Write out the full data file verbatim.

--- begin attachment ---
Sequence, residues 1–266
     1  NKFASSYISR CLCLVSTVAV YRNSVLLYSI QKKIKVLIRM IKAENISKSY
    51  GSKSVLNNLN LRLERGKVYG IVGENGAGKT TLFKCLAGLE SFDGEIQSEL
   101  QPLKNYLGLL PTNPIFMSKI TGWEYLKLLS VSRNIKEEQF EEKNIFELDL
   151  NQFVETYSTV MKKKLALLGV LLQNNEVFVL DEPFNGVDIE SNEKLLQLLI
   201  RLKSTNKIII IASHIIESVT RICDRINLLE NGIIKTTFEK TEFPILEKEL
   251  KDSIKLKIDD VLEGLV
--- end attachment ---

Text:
Sequence, residues 1–266
     1  NKFASSYISR CLCLVSTVAV YRNSVLLYSI QKKIKVLIRM IKAENISKSY
    51  GSKSVLNNLN LRLERGKVYG IVGENGAGKT TLFKCLAGLE SFDGEIQSEL
   101  QPLKNYLGLL PTNPIFMSKI TGWEYLKLLS VSRNIKEEQF EEKNIFELDL
   151  NQFVETYSTV MKKKLALLGV LLQNNEVFVL DEPFNGVDIE SNEKLLQLLI
   201  RLKSTNKIII IASHIIESVT RICDRINLLE NGIIKTTFEK TEFPILEKEL
   251  KDSIKLKIDD VLEGLV